The shape of our gatherings

I’m posting a few thoughts on how we put together our Sunday gatherings in The Crowded House in Sheffield. The first post looked at how we view the aim of our Sunday gatherings and the principles behind how we shape our gatherings. Here’s how we put this together to create the ‘template’ for our meetings.  

1. Call: we come to worship

We begin with a call to worship or an affirmation of God’s glory. This may take the form of songs, prayer, short readings from the Bible, liturgical readings (reading words of Scripture together) or a creed. So our opening song or songs are often addressed not to God directly, but to one another (‘Come praise and glorify our God’). Or they may praise God for his power, beauty, holiness, love, glory and so on. We are calling one another away from the worship of created things or away from the distractions of this world and back to the worship to God. This is true of creeds. When we say a creed together we are affirming together the truth about God. This is a subversive act for in so doing we are refuting the lies of this world.

2. Confession: we confess our sin

As we come before a holy God we come aware of our sin and our need of his grace. So we confess our sins and receive the assurance of grace. This can be spoken or sung. It is not that Christians are out of favour with God until we have confessed our sin. We come to the gathering righteousness in God’s sight whatever kind of week we have had. But we confess our sins to restore our relationship with God, to reaffirm our commitment to holiness and to remind ourselves of God’s grace. This act of confession and assurance normally comes after the opening worship, but may instead come as part of the response to the word when that is more appropriate.

3. Word: we hear God’s voice

The centrepiece of our gathering is hearing God’s voice through his word. This involves hearing the Bible read aloud and hearing the preaching of the word. It may also be introduced by a song or prayer asking God to speak to us through his word. We want to use the language of ‘God speaking’ to us (rather than simply ‘reading the Bible’) to convey the idea that this is more than receiving information. God himself is speaking to us in this moment, both individually and corporately. The Holy Spirit has not only spoken in the past in the writing of the Scriptures, he also speaks in the present through the reading and preaching of the word. So we want to have a strong expectation that we will hear God’s voice as we gather together.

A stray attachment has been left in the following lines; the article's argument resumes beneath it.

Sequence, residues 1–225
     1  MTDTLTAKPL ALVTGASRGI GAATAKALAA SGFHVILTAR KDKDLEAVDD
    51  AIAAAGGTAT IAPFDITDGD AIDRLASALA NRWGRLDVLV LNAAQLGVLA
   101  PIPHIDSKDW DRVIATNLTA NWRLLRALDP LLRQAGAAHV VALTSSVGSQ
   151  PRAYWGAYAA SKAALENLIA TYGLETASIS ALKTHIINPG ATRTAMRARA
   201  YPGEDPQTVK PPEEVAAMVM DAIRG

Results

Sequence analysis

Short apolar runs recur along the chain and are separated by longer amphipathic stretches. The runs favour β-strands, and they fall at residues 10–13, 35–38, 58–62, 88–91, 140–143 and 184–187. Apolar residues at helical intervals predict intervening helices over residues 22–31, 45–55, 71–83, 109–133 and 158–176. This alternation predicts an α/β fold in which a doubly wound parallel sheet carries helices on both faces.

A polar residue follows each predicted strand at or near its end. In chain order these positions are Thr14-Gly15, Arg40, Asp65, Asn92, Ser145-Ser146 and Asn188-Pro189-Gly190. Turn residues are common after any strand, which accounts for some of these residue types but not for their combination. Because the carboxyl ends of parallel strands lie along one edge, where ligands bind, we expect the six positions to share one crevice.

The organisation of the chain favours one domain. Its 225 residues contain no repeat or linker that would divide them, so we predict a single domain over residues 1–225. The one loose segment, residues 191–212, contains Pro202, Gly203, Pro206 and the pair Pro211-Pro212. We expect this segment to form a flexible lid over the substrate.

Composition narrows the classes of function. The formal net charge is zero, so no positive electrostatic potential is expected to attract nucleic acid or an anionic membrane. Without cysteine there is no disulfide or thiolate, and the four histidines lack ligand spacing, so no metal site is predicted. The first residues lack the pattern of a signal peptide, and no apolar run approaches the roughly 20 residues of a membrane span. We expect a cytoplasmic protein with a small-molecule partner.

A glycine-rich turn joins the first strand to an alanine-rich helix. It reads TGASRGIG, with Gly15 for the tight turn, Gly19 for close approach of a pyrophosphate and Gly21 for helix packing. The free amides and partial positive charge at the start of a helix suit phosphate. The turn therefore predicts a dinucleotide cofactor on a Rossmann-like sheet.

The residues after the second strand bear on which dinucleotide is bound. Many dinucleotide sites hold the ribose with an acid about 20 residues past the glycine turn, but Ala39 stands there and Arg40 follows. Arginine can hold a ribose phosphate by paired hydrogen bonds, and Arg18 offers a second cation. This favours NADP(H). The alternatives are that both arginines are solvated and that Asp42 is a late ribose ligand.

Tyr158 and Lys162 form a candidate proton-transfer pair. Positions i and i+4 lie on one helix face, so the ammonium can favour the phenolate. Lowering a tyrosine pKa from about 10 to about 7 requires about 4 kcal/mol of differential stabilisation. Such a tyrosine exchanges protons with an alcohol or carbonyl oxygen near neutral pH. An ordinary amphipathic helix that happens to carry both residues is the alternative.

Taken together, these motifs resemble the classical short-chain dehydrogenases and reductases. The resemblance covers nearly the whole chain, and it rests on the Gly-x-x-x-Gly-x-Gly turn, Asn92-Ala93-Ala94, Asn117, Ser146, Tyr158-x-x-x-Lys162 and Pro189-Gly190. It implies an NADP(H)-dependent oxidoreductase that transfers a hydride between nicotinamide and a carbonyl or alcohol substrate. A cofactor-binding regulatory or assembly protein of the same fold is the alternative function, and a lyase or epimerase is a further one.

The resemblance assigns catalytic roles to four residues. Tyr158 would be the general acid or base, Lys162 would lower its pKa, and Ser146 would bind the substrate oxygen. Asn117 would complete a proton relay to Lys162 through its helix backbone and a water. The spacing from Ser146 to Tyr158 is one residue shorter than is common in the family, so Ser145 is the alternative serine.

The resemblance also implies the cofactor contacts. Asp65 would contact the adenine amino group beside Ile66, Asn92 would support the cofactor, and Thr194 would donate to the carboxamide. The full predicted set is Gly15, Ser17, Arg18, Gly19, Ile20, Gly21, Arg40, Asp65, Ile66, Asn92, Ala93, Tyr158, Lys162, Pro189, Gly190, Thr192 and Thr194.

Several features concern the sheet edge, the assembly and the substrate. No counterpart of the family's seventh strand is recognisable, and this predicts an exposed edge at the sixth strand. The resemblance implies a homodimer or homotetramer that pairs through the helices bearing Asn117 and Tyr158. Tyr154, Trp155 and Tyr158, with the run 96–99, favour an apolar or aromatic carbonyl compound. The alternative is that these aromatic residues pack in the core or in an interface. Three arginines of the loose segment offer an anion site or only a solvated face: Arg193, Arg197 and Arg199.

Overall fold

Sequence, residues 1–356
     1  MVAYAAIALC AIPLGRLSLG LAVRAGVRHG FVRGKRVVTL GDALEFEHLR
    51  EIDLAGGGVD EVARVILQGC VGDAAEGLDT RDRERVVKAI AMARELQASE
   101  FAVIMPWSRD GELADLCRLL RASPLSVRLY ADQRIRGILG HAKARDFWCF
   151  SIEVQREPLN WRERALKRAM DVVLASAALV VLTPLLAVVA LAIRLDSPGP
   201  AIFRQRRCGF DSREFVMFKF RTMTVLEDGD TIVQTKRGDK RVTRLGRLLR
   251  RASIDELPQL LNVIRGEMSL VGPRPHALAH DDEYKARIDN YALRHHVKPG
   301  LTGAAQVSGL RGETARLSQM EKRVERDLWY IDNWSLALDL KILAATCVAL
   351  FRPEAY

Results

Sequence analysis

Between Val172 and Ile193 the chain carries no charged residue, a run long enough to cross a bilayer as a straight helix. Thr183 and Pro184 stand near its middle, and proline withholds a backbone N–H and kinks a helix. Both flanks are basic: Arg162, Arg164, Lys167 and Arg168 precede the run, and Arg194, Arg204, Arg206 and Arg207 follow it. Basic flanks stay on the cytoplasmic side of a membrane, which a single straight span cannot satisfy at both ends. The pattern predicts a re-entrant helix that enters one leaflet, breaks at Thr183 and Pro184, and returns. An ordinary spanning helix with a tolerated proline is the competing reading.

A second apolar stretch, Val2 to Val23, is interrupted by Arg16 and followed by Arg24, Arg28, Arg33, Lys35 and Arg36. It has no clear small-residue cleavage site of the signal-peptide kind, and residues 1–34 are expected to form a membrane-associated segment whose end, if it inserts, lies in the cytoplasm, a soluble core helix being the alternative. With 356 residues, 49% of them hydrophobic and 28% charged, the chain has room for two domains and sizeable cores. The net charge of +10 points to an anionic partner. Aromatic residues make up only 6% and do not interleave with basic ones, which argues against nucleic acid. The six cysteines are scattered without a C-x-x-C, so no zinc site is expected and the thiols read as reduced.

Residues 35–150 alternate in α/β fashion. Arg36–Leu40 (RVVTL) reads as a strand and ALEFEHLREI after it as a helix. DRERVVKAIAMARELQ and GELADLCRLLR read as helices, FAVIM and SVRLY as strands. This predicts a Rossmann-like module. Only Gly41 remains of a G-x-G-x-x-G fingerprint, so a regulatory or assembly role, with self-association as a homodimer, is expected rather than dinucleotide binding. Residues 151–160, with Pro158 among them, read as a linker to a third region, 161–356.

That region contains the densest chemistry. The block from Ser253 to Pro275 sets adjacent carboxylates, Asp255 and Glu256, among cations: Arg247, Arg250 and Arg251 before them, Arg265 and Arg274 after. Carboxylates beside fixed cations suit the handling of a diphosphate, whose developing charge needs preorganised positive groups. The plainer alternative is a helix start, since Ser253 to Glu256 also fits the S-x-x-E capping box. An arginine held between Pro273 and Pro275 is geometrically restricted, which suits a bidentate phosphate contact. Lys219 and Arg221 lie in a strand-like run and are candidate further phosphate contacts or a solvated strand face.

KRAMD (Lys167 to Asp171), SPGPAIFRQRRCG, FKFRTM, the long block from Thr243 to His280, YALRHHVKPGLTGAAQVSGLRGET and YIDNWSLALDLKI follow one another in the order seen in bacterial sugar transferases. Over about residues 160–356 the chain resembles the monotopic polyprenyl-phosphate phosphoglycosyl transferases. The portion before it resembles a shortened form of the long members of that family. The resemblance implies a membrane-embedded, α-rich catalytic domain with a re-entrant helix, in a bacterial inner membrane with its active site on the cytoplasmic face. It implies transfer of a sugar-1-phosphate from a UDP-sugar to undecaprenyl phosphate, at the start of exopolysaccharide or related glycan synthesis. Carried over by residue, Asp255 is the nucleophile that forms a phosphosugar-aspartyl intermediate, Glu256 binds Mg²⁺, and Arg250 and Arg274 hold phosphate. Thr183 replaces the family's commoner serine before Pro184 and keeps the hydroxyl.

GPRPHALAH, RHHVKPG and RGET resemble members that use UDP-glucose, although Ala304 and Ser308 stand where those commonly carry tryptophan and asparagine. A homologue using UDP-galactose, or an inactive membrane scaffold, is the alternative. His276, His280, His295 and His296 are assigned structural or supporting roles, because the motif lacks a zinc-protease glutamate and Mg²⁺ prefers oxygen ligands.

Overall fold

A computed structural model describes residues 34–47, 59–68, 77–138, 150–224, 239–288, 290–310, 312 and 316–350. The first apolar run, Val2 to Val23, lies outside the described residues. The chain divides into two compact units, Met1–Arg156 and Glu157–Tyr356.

4. Response: we respond in faith

James 1:22 says: ‘Do not merely listen to the word, and so deceive yourselves. Do what it says.’ So we respond to God’s word. We may do this through song, led prayer, open prayer, confession of sin or reciting a creed. We also want a strong sense of being sent out in some form of dismissal to live the word in our everyday lives. Worship in the New Testament is to offer our bodies as a living sacrifice (Romans 12:1). Our sacrifice of praise is both the fruit of our lips and the fruit of good lives (Hebrews 13:15-16). Coming together recalibrates our hearts to the worship of God. But then we go out to worship him in our lives by declaring his praises to a lost world.

Stages Potential Components
1. Call:
we come to worship
song, prayer, Scripture readings, liturgical readings, a creed
2. Confession:
we confess our sin
song, led prayer, liturgical prayer, Scripture readings
3. Word:
we hear God’s voice
Bible reading, preaching, introduced by prayer or song
4. Response:
we respond in faith
song, prayer, open prayer, confession, a creed, dismissal

To help plan our gatherings we have created a list of the songs we regularly sing and organised them according to these core components and according to common themes in God’s word:

Stages:            Call, confession, assurance, word, response and dismissal.

Themes:             Christ’s kingship and exaltation, church and community, creation, cross, fulfilment, hope, incarnation, mission and the nations, prayer and petition, refuge and suffering, satisfaction in God, and the Holy Spirit.


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